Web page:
If you are a discerning thinker you will notice how the propaganda has been pushed on the public about the United States as being in a recovery, our unemployment rate is under 8%, the GDP growth rate is positive, and stocks are reasonably priced, if not under-valued! Well, I hope to go into each of these topics but knocking one item out at a time, I'll concentrate herein on the overpriced stock market.
So the pundits tell you that the stock market is reasonably priced. The common explanation is in using the average PE ratio for the S&P500. Now, I ask, is today anything at all like "AVERAGE"?
The S&P500 PE values all the way up to 1990 were fairly tame. The arithmetic average of the median yearly PE values for the decades from 1900 to 1990 is about 12.8 (median is 12.6).
Median PE Ratio
Note the chart above is quite similar to this chart, however, the difference is in the cut-off years. When data, for example, is marked as Jan 1, 1991, this would pertain to the end of year 1990 and not for the year 1991.
These earlier year PE values for the stock market support my stance that returns on investments should reflect that which is seen in other capital investments such as real estate rentals. In buying rental property, the popular similar comparison is in computing the percentage of the yearly gross returns per purchase price. If the returns are 10%, or better yet at 12%, it would generally be considered a worthwhile investment. In PE terms these ratios of 10 and 12 percent yearly returns correspond to PE ratios of about 10 and 8, respectively. Of course there are additional expenses such as maintenance, property taxes and if not so well-off to buy the property in full, there would be mortgage payments that contribute to raising the effective PE ratios.
Getting back to the stock market, a few decades ago, a couple of means were created to infuse money into the stock market. Falling short of declaring these means as a conspiracy by the wealthy, knowing that if the general public would be contributing a meager amount to the stock market (in relative terms to the upper few percent who own an overwhelming majority of all the shares of stocks), it would give those new persons who contribute a sense of increased wealth - but it's only a facade as the economics behind such price/demand curves dictates that the prices go up a far greater amount than a direct proportion of newly infused money.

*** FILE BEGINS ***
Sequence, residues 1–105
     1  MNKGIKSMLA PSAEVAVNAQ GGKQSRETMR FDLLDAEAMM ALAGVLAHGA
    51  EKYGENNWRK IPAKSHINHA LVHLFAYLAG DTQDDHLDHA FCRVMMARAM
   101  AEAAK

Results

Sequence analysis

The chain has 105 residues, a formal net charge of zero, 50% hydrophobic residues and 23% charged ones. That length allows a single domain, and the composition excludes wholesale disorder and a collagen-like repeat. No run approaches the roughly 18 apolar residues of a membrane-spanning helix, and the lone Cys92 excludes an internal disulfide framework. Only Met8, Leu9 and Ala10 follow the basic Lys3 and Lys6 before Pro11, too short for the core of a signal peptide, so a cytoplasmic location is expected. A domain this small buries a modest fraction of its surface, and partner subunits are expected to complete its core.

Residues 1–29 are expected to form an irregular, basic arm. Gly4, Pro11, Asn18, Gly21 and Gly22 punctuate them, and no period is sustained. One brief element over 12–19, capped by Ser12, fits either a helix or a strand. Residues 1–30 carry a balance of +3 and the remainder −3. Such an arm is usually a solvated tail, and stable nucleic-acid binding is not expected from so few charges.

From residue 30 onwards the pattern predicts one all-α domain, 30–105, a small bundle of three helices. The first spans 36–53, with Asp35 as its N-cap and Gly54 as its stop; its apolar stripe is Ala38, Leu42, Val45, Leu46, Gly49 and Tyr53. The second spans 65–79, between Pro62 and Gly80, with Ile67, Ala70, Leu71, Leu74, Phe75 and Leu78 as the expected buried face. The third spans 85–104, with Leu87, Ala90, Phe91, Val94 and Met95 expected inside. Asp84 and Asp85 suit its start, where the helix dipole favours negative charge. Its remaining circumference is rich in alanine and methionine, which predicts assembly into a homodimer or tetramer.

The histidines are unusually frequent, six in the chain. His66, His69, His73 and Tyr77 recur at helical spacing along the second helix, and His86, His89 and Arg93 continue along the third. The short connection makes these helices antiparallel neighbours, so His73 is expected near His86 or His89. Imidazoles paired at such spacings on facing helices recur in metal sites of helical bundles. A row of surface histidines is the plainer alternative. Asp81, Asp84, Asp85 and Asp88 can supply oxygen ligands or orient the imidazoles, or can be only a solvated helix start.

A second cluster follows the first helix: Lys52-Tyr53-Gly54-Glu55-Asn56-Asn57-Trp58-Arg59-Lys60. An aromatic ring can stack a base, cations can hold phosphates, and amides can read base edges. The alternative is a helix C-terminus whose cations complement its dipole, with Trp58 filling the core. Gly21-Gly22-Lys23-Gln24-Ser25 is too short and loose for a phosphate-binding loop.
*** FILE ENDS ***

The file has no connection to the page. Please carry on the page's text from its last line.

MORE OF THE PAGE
IRA accounts began in 1974 and 401-K accounts began in 1978. Of course full implementation didn't take hold immediately but by the early 1990s these type of accounts were solidified in our culture. Not only this but brokerage firms were beginning to cater to the common person and by the late 1990s a plethora of on-line brokerage firms came onto the scene to capitalize on the euphoria of the internet bubble years. But the bubble was already starting to be evident in the mid-1980s as can be seen in the S&P500 chart.
Note that one can extrapolate from any time prior to 1980 with 1980 onto 2012 and the S&P500 index value would clearly be below 400. So what business does the current index value have being above 1400? Those are some gigantic aberrant humps in the graph of the S&P500 from 1990 onward. I am not pushing chart reading but this is fundamental - the obvious humps in the graph should stand out to anyone to show something very strange occurred.
There will come a time when the money going in to the stock market by the ways mentioned above equilibrates. That time has recently begun and it has Ben Bernanke running wild to manipulate the stock market up. Baby boomers are retiring and this means fund outflows are escalating. Bernanke may even be exacerbating the problem with his policies of preventing people from earning bank interest, forcing inflation on them; if they happen to be value investors and have the know-how from different angles of how overpriced this market is to then short it to cause even more monetary losses, then the outflows would be expected to be escalated at a higher rate than otherwise would occur.
Now with this narrative of the past couple of decades, let's now add to the first chart on this page:
Median PE Ratio
The year 1991 was the first time the PE value for the S&P500 went beyond 25, though in 1895 and 1934 the values were right up to this as aberrant years. Including for the year 1991, there were 13 years out of the past 21 years which had PE ratios beyond 20! So now you see how the propaganda pundits come up with their long-term average PE ratio for the S&P500 as being around 15 or 16. Again, I reiterate, does today look or feel like any average year? The long-term average before the bubble years was under 13. Let's now view some of the low PE years in a chart:
So, being there is no doubt we are clearly not in any average time, economically speaking, in our country with our record high debt, massive unemployment (I will go into this in another article but as a teaser, I suggest searching for 23% unemployment rate), real large negative GDP growth rate (again, I will go into greater detail about this shortly in another article) and the effects of the world economy that will cause an averaging effect on all countries, bringing down first-world countries, why would it not be reasonable to attribute a fair PE value for the S&P500 at 6 today? Even at "fair" PE value of 8, this would indicate our present stock market at roughly 2 times overpriced. Don't fall for what those pundits throw at you. They rely on the masses not doing a little homework. Well I helped you on your assignment. I suggest writing the media companies as I do and give them a piece of your mind about how they purposely mislead the public in order to continually pump up the stock market.